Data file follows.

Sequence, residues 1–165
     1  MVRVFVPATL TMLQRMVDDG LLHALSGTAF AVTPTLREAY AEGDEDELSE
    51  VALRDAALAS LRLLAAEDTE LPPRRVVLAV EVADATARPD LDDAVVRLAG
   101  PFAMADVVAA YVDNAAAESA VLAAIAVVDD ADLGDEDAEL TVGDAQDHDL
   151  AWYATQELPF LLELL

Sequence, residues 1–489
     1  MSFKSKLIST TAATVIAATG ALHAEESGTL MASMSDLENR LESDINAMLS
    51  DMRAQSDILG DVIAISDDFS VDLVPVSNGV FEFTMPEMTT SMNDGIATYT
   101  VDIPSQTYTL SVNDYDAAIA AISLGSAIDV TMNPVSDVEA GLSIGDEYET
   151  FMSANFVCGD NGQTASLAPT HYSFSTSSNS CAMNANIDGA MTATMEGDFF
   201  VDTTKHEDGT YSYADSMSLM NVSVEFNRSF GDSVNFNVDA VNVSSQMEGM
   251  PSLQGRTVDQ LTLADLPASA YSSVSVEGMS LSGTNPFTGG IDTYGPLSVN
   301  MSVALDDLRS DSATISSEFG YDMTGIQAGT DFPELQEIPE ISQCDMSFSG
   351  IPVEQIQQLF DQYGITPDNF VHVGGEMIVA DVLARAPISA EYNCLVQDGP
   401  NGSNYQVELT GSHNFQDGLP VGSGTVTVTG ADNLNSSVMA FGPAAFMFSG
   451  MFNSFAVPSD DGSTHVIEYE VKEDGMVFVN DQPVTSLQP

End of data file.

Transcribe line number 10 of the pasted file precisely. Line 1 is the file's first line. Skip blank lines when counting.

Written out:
   151  FMSANFVCGD NGQTASLAPT HYSFSTSSNS CAMNANIDGA MTATMEGDFF